This echoes HMRC’s findings in its report by the Behaviour, Insight and Research team, which revealed that freelancers wanted more information on how IR35 reform will affect their future tax returns.

Andy Chamberlain, Director of Policy at IPSE, said the research highlights the “disastrous impact” the changes could have not just on freelancers and contractors, but on hiring businesses too. 

Half of contractors plan to quit

According to IPSE’s research, because of risk-averse IR35 decisions made by businesses, half of freelancers (50%) said they plan to stop working for themselves in the UK. However, 57 per cent of these also reported that they would continue if they found contracts deemed outside IR35.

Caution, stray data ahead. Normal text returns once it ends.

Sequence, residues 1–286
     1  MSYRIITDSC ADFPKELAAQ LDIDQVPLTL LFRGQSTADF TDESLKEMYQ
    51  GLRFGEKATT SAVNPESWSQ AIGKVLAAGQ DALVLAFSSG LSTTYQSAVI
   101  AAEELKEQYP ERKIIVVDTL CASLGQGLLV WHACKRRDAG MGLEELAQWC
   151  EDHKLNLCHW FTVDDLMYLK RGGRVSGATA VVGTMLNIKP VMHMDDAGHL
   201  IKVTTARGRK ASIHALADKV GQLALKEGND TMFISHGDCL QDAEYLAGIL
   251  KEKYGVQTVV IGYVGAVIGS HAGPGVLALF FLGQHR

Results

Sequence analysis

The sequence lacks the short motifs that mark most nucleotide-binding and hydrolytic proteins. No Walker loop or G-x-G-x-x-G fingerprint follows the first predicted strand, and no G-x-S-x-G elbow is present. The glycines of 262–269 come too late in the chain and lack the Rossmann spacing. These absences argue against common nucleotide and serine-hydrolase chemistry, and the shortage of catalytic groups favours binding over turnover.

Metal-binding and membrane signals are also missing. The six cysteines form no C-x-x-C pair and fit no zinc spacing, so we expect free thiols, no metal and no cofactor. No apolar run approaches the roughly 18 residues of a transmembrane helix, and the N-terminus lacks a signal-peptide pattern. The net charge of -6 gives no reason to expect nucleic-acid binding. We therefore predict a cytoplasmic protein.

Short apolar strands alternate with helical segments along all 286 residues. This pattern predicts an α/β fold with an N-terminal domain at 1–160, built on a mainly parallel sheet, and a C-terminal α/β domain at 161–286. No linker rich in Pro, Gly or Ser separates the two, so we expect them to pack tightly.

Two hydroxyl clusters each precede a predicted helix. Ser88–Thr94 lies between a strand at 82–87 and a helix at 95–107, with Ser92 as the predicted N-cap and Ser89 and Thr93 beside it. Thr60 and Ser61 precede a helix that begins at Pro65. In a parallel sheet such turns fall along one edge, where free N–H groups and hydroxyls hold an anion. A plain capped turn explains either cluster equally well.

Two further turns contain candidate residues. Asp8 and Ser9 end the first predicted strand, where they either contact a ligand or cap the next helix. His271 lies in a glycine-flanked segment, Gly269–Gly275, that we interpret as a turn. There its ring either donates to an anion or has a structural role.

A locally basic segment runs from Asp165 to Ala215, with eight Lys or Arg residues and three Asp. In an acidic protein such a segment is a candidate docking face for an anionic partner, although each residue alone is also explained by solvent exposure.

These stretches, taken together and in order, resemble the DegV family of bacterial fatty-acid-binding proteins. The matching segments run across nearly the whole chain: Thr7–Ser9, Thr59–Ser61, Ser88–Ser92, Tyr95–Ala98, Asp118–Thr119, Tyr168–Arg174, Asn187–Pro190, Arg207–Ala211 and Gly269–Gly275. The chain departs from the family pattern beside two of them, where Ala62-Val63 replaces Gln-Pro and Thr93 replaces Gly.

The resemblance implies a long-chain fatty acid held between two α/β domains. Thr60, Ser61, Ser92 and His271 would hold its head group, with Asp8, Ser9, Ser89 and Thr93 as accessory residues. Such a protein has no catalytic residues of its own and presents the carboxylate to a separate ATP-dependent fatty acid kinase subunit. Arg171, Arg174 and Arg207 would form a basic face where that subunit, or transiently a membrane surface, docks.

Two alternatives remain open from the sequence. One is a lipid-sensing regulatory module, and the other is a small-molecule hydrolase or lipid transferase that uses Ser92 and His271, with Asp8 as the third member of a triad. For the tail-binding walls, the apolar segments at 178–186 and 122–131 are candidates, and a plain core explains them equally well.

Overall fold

Nearly a quarter (24%) said they plan to seek contracts abroad, 12 per cent said they would stop working in general and 17 per cent will look for a PAYE job.

Chamberlain said: “Our research shows that the added risk for clients has led to deeply concerning responses: almost a quarter of contractors said their clients were making blanket inside-IR35 assessments, while a fifth are only working with contractors engaged through umbrella companies and nearly one in ten are planning to stop using contractors altogether.

Contractors allow firms to navigate periods of ‘instability’

“We believe these are hasty decisions that will have long-term negative consequences not only for contractors, but for the long-term performance of these client businesses themselves.